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Have Listeria With Your Caramel Apples This Halloween?

According to a new report published in the journal mBio, wooden sticks poked into caramel-coated apples lets out enough juice to provide a nourishing location for the growth of the Listeria bacteria. In fact, the research team from the University of Wisconsin-Madison notes that their discovery could very well explain last winter’s Listeria outbreak which was linked to caramel apples and caused approximately three dozen people to become ill.

caramel apples

Image:Koin/AP Photo/Danny Johnston

Kathleen Glass, of the University of Wisconsin-Madison, and her colleagues report: “The outbreak took producers, public health officials, and food safety experts by surprise: caramel-coated apples are not a food on which Listeria monocytogenes should grow.”

According to the investigative team, apples themselves are too acidic to allow the bacteria to survive. Their initial question though was if putting a wooden stick into apples would let enough juice escape in order to create a moist location for Listeria to thrive.

The researchers put Listeria bacteria on several on Granny Smith apples which they report had been the kind implicated in the Listeria outbreak. They stuck sticks into half of their apples and left the other half without sticks. Finally, they dipped all the apples into hot caramel.

The research team wrote: “No growth of L. monocytogenes occurred on refrigerated caramel apples without sticks, whereas slow growth was observed on refrigerated caramel apples with sticks. In contrast, significant pathogen growth was observed within three days at room temperature on caramel apples with sticks inserted.”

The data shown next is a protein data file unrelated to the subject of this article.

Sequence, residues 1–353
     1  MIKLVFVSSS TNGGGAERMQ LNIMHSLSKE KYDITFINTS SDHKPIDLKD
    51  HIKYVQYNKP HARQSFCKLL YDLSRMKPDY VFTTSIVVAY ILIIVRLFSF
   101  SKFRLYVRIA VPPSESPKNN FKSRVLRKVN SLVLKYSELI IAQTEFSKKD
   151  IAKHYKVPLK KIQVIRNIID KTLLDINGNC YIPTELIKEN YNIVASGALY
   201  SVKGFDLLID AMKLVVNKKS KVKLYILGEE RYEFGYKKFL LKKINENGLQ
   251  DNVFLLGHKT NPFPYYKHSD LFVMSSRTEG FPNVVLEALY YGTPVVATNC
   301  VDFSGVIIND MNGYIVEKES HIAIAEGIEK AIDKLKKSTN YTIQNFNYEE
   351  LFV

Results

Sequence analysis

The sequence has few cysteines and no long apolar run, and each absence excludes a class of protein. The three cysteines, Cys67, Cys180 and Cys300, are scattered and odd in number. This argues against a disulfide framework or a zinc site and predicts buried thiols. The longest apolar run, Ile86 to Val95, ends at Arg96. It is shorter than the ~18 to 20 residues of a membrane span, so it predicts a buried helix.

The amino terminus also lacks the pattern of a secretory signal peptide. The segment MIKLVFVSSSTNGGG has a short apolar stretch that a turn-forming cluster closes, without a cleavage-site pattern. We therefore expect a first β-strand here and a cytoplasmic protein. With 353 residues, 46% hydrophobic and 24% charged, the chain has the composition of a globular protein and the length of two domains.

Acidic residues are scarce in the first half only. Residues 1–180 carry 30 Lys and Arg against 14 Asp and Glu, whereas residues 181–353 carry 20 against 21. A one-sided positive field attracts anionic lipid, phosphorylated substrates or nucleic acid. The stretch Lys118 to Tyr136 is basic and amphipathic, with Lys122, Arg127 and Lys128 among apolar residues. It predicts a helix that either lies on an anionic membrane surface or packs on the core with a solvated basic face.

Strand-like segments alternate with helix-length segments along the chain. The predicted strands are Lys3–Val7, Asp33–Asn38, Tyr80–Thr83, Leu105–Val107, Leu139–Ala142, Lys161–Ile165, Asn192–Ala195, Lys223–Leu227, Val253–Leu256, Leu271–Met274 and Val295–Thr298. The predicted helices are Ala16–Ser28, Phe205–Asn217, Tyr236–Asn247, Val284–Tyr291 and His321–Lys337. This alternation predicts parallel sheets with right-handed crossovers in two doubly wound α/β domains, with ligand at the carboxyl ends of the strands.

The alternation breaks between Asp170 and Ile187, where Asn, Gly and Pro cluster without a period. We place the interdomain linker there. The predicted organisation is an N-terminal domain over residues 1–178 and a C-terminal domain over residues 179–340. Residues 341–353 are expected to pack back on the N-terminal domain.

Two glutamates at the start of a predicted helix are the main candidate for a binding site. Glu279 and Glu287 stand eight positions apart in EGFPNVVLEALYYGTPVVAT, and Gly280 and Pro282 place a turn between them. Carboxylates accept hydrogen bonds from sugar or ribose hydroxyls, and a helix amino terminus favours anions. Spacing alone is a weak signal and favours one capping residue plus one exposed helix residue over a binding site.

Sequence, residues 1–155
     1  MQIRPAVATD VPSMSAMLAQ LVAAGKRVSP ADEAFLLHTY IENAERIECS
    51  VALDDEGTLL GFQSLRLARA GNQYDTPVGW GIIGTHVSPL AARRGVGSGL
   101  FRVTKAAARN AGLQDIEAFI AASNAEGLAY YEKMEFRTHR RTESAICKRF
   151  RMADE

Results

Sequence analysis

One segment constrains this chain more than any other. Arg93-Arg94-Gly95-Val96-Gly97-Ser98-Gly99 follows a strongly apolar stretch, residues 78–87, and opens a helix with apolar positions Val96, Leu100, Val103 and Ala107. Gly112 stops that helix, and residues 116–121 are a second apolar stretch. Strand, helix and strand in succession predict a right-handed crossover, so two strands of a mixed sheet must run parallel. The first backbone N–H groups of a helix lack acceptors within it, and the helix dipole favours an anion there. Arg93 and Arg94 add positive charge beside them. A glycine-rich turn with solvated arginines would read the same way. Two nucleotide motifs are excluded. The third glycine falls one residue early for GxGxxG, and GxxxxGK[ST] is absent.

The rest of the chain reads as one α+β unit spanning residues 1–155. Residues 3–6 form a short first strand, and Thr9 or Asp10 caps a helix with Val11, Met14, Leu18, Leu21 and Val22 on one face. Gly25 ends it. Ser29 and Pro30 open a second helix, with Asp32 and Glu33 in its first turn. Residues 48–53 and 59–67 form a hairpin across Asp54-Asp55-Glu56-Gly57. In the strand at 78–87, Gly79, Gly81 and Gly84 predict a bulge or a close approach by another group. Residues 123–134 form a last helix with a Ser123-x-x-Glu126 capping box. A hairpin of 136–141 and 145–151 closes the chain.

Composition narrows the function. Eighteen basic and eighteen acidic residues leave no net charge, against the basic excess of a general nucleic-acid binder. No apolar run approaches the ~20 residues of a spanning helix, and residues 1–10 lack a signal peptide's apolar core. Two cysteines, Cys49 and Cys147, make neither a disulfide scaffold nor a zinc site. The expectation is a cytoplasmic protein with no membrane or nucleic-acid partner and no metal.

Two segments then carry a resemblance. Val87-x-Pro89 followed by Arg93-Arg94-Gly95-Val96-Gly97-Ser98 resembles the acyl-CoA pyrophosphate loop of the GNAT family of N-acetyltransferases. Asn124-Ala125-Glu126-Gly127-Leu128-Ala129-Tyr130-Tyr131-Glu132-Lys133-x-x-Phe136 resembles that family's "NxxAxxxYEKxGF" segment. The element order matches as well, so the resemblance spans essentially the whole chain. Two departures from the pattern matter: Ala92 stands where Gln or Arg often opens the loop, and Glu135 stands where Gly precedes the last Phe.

Listeria may only cause a terrible stomachache for some. However, it can actually kill infants, senior citizens and anyone with a weak immune system. Furthermore, it can cause stillbirth and miscarriage.

This Halloween the research team suggests that while leaving the sticks out would be “an obvious solution”, the caramel apples would then be nigh impossible to eat. They concluded that apples used to make the Halloween treats should be additionally disinfected and then refrigerated.

Have Listeria With Your Caramel Apples This Halloween?

About Will Phoenix

W. Scott Phoenix, B.A., B.S. was born in Hawaii, raised in Pennsylvania and resides in California. He has been a published writer since 1978. His work has appeared (under various names) in numerous places in print and online including Examiner.com. He is a single parent of three children and has also worked as an actor, singer and teacher. He has been employed by such publications as the Daily Collegian and the Los Angeles Times.